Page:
As the following chart from Investor's Business Daily demonstrates, The Bush Tax Cuts didn't starve the federal treasury – revenue flooded in as the economy expanded from the pro-growth policies implemented in 2003 and continued until the sub-prime mortgage market collapse.
Even with the anemic Obama economic recovery, revenues are again nearly equal to the level required to fund the government had spending over the last fifteen years increased at the rate of population plus inflation growth. But, that has not been the case.
The pox on Bush and the Republican majorities is that while revenues soared following implementation of the 2003 tax cuts, spending did as well. To be fair, much of that increased spending was related to the war on terror following the September 11, 2001 attacks.
Also, the rate of GOP spending increases pale in comparison to what happened when Democrats took control of Congress beginning in 2007 and further accelerated when Obama moved into the White House in 2009.
Federal revenue rose from $1.7 trillion to $2.4 trillion from FY 1998 to 2012 as indicated. "Revenue growth averaged 2.9% annually, despite two recessions, bear markets, - and tax cuts," as David Hogberg explained in the feature article accompanying the IBD graphic.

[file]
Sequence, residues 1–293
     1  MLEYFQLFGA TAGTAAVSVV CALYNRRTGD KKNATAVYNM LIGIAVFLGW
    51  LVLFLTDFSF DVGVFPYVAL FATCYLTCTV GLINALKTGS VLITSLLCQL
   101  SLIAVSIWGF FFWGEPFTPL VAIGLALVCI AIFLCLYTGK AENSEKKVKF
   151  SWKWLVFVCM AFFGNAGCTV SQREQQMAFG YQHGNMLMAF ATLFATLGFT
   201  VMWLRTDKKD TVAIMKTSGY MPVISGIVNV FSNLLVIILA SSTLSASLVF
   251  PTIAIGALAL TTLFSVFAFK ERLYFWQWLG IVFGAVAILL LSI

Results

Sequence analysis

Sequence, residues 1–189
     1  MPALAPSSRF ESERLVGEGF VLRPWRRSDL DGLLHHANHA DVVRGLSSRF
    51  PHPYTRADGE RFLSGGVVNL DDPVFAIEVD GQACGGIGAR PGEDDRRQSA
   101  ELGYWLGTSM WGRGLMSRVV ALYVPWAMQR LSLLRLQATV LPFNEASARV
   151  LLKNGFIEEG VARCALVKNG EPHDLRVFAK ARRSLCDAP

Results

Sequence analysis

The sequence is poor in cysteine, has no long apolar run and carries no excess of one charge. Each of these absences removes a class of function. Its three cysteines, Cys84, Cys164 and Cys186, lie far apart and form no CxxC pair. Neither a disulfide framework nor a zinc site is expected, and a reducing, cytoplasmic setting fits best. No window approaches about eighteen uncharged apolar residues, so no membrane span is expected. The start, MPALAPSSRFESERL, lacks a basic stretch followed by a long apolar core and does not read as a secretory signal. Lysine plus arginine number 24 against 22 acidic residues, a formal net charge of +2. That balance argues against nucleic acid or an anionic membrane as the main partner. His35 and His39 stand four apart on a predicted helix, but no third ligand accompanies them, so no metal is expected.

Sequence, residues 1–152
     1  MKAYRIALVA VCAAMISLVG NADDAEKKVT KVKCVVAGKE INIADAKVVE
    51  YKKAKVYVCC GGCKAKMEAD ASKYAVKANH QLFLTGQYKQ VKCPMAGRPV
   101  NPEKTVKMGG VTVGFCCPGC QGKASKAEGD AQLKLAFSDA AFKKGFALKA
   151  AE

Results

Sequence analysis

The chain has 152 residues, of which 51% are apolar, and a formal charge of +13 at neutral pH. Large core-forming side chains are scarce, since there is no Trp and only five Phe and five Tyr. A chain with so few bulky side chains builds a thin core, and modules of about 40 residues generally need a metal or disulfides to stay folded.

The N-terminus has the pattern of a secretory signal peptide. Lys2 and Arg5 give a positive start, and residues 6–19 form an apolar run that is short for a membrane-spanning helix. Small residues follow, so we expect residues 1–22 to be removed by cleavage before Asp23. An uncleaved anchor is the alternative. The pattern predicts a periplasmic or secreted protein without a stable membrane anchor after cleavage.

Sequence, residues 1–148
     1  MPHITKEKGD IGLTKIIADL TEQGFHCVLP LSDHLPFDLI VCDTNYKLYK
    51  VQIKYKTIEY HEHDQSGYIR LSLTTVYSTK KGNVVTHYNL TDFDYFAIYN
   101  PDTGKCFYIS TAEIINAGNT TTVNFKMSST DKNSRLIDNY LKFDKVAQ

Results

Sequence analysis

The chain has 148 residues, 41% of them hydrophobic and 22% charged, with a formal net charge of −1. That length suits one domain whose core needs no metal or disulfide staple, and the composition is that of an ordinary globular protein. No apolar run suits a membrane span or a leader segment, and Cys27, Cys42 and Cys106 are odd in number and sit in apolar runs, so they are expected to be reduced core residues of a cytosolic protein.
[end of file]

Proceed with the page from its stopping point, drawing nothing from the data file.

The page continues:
However, federal spending rose nearly twice as fast – 5.7% per year – surging from $1.6 trillion to $3.5 trillion over the same period, notes Hogberg.
Further, the chart shows that if spending had increased over the period at the same rate as population and inflation, revenue would have trended upward about the same even allowing for the effects of the recessions. But, current spending levels are nearly $1 trillion beyond what population-plus-inflation growth increases would have dictated.
Hogberg calculates that had spending from FY1998-2012 increased consistent with population-plus-inflation growth, revenues would have exceeded spending by $177 billion – a net budget surplus! Instead, because of the dramatic increase in spending, the federal government racked up an additional $6.7 trillion of new debt.
Every objective observer knows that the elephant in the room is the out of control rate of spending increases over the last many years. True to form, however, Washington – and particularly Barack Obama - is laser focused on who they can raise tax rates on and by how much. Their efforts would be better directed at putting the Spending Genie back in the bottle.
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